Exclusive Interview: Logan Sama talks his landmark Fabriclive CD & more

We caught up with the legendary DJ to discuss his very exciting new project among other topics...

Joe Walker

5 years ago

By Joe Walker

Logan Sama - Credit Jimmy Mould (9)

It was around 18 months ago that Logan Sama departed from his long-running Kiss FM show, a weekly live broadcast in which the majority of the grime scene made their commercial radio debuts, and while its conclusion was lamented by the loyal following, who continued to tune in even as the show was pushed shorter and later in the scheduling, the parting of ways has enabled the DJ & grime ambassador to do more than ever.

“Just doing the radio show was enough,” said Logan, during a recent call with RWD. “It kept me relevant, I was at the top of my game, [with the] best radio show of the genre. Removing the radio show meant that for me to maintain my position, I have to go out and do all these things otherwise I fade into obscurity.”

‘These things’ include a series of Boiler Room sessions at ICA London, in which he showcased grime acts young and old on monthly live streams; running a stage with Butterz at this summer’s Outlook Festival in Croatia, hosting a line-up that ranged from Kahn & Neek to Killa P to DJ EZ; and launching 3310, an Amsterdam club night in which emerging MCs such as Jammz and Mez join Logan in the Dutch capital. “Skepta’s going out there, Stormzy is going out there, Novelist is going out there – but we’re getting these new artists out there as well to follow-up, just to show them the rest of the scene because it’s important people see that shit.”

There is also his Sixty Minutes residency on BBC 1Xtra, an hour mix every other Wednesday for the final hour of Mistajam’s show. It is a mix in which Logan does not speak , which is in keeping with the change of focus. “Everything I’ve done in the past 18 months has been entirely around the music, not being a personality,” he said. “I’ve seen a positive response from that in terms of the recognition I’m getting for my skill set.”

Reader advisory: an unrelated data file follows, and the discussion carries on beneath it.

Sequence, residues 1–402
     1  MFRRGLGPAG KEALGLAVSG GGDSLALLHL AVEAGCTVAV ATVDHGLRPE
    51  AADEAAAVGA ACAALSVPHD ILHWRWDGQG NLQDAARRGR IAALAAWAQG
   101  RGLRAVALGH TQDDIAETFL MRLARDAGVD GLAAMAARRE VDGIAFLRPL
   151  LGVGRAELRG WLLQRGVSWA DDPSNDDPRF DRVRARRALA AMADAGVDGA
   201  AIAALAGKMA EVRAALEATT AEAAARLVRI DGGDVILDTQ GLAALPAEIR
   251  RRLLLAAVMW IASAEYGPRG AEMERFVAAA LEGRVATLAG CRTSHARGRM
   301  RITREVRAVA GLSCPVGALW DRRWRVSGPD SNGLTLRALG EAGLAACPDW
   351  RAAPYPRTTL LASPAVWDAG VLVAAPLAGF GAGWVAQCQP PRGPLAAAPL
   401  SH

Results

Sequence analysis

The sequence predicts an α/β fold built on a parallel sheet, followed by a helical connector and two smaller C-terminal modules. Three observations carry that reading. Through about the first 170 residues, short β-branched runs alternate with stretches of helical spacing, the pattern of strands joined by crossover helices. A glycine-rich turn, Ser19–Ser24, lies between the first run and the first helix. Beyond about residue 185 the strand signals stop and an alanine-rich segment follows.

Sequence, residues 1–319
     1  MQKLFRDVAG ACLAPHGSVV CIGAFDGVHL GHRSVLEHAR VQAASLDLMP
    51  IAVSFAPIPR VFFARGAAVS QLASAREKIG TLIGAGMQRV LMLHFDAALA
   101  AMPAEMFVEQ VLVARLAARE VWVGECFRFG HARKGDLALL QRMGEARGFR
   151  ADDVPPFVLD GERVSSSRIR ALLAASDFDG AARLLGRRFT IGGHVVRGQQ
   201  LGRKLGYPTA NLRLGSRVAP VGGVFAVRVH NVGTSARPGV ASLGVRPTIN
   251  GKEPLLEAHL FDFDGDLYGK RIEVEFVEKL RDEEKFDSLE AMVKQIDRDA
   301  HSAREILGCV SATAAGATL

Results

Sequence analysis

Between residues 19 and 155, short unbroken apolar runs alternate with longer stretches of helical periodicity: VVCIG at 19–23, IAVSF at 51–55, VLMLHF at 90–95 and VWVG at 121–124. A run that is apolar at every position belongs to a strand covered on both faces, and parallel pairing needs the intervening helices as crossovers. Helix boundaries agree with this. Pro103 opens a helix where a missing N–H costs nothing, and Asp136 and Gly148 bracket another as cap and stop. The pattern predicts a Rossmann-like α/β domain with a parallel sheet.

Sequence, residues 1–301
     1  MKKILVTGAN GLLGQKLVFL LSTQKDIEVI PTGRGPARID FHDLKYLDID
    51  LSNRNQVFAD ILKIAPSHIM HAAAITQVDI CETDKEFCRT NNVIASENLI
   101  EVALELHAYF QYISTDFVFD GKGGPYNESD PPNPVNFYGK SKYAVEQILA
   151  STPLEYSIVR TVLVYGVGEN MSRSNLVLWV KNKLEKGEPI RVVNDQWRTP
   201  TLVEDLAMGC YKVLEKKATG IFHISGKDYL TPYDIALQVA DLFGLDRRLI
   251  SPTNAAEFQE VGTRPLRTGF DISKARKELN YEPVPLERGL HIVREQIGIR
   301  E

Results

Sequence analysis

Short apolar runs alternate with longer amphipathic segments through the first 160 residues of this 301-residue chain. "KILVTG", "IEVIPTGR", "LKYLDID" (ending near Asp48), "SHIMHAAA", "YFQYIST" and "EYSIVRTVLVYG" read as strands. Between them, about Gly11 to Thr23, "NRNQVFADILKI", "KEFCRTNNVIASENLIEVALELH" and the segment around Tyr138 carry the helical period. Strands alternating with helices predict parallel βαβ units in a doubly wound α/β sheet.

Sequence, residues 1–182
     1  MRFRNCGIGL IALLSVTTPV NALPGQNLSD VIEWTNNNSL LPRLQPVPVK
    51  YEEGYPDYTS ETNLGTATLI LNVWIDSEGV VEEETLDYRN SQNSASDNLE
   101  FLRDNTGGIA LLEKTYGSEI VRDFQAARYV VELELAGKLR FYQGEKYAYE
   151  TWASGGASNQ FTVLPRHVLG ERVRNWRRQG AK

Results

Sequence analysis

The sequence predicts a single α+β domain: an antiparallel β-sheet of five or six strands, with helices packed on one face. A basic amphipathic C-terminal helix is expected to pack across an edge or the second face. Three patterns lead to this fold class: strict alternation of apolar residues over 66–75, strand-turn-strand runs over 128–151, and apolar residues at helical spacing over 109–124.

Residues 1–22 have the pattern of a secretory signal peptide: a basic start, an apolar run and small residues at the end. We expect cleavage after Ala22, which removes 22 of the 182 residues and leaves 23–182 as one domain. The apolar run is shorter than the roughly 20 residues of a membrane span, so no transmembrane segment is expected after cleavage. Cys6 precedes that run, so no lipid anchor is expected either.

The last week saw another big example of this with his landmark release of Fabriclive 83. In what must be the boldest effort in the CD series thus far, Logan’s mix features a remarkable 66 of the genre’s leading MCs spraying over 24 exclusive productions he has curated. Each track is courtesy of a different producer, and in a Fabriclive first the instrumentals will be released on vinyl in November. “The way I put it together, I didn’t gather MCs for a tune, “ Logan said. “I just gathered acapellas from MCs and built it as a collage.” This personal curation allows us to hear prospects such as AJ Tracey and PK vocal a legend such as Davinche (‘Kestra’), or Capo Lee spraying alongside Jamakabi (‘Crud’). Jammer is back on the boards. Maxsta is at his angry best. There is a seven-minute epic from Dullahbeatz, ‘Final Stage’, which features Kano, SafOne, Mayhem, Deadly, PRessure, Bomma B, Tornado, Flowdan, Killa P, GodsGift, Cadell, Shifman and MIK. It’s everything a grime fan could want.

The vocal stems, gathered by Logan over a couple of months, are mastered in such a way that the raw energy is still at the heart of the experience. There are points during Family Tree features, for example, when they can be heard egging each other on in the background. “I wanted the sound quality to be good, but not to sanitise it,” Logan said. It is these moments, combined with MCs spitting some of their most famous bars across the CD, that present grime at its very best on a series that will be introducing the sound to new and curious ears. “The fabriclive CD is for grime fans, everything I do will always be for grime fans, but it’s not designed only for grime fans,” he explained. “I want people who aren’t grime fans to listen to it and say ‘Ok this is this shit that’s everyone’s talking about, that new sound I don’t know…Oh it sounds great, I love the energy and excitement and passion these guys are putting in’.”